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New DVD teaches safety around camp dogs

Dog bites and attacks on children and adults in remote Indigenous communities are frequently under-reported. Dangerous human/dog interaction has become an accepted part of life in some communities, but it’s one that has a huge impact on the people living and working in those communities.

Living with Camp Dogs – Staying Safe is one of AMRRIC’s latest projects: a DVD guide to understanding dog behaviour, reducing the incidence of dog bites and educating people about staying safe in communities. The DVD has been generously funded by the NT Department Local Government (Animal Welfare Branch).

Two outstanding individuals have committed to assisting with the development of the DVD. US-based animal behaviourist Dr Sophia Yin (see From San Francisco to Yuendemu) and photographer and author David Darcy.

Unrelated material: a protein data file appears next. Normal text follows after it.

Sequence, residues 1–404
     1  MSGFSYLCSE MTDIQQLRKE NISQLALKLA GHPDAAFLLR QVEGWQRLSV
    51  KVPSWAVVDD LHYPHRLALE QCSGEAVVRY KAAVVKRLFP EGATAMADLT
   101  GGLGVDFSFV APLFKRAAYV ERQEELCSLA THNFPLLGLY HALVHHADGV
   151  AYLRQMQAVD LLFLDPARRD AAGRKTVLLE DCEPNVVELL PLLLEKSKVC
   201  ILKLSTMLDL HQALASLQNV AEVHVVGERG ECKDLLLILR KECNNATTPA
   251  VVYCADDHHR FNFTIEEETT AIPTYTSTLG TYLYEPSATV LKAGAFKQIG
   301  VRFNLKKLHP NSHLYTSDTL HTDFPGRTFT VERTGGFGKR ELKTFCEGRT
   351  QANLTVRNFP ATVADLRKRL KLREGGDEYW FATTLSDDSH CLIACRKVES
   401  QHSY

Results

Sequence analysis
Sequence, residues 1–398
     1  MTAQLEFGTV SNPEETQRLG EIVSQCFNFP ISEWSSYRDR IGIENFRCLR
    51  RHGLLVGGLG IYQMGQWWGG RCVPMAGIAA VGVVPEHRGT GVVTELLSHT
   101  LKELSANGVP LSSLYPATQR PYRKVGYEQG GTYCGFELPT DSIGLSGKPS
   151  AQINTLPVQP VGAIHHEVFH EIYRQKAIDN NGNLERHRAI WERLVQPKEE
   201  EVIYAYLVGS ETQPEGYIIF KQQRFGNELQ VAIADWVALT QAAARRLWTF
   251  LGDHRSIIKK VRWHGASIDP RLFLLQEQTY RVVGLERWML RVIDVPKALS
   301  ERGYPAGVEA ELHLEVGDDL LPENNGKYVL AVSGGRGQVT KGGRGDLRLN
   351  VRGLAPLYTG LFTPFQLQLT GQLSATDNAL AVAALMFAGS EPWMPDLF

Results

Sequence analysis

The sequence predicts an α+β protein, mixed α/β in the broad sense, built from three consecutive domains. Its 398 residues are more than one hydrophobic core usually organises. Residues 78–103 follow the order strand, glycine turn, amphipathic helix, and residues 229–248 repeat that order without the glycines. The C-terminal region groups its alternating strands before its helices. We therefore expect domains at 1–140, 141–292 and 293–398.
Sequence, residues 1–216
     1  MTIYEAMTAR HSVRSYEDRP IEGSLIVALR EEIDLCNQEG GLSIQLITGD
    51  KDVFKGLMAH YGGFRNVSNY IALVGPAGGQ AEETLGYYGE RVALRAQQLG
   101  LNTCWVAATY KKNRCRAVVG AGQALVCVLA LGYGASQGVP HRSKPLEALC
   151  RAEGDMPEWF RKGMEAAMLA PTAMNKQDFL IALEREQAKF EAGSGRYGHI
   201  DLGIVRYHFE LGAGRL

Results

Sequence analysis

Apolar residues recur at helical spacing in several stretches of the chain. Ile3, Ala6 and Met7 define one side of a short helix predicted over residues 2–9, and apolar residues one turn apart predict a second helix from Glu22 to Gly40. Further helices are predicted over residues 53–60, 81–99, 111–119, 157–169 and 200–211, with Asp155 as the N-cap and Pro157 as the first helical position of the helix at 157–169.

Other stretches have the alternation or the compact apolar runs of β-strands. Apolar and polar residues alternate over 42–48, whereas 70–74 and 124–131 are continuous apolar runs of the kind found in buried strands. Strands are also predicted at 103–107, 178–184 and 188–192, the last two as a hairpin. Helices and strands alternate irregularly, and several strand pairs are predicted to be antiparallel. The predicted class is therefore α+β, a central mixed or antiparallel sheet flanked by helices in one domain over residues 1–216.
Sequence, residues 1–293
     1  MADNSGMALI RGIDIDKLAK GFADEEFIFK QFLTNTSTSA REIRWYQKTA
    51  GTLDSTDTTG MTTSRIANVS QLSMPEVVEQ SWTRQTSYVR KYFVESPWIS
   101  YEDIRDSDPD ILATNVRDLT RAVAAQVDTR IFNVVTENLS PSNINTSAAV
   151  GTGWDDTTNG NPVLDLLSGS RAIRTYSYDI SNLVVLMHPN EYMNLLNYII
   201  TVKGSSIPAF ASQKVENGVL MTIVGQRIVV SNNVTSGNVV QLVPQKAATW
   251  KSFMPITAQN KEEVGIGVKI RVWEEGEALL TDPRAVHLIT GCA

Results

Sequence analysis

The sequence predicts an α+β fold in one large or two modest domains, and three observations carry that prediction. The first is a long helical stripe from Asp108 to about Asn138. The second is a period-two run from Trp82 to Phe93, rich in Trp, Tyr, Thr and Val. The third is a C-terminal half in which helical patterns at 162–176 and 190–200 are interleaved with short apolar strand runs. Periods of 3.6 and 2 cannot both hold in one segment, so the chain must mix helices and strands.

Topics covered will include:

  • evolution – why dogs do what they do
  • danger signs – dog body language
  • avoidance – staying safe
  • worst case scenario – what to do if you get attacked
  • practical sessions – such as translating ‘dog speak’
  • animal welfare issues and who to contact in an emergency
  • zoonoses – diseases that can be shared between animals and people, their prevention and treatment.

AMRRIC staff are in constant demand to present dog safety workshops to stakeholder groups with employees working in communities. Presentations have been delivered to Power and Water Corporation, Mobile Outreach Service Plus, NT Department of Health, the General Practice Network NT and Dog Awareness Presentation Day (contact AMRRIC for more information).

The DVD will be invaluable for educating and assisting these groups, as a value-add in the animal management training programs AMRRIC already runs for Shires across the Northern Territory, and for inclusion in the education package Be a friend to your dog, currently being delivered across many NT Schools.
 

David Darcy with his four dogs

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Email: info@amrric.org

Phone: 08 8948 1768
Fax: 08 8985 3454

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Nightcliff NT 0814
Australia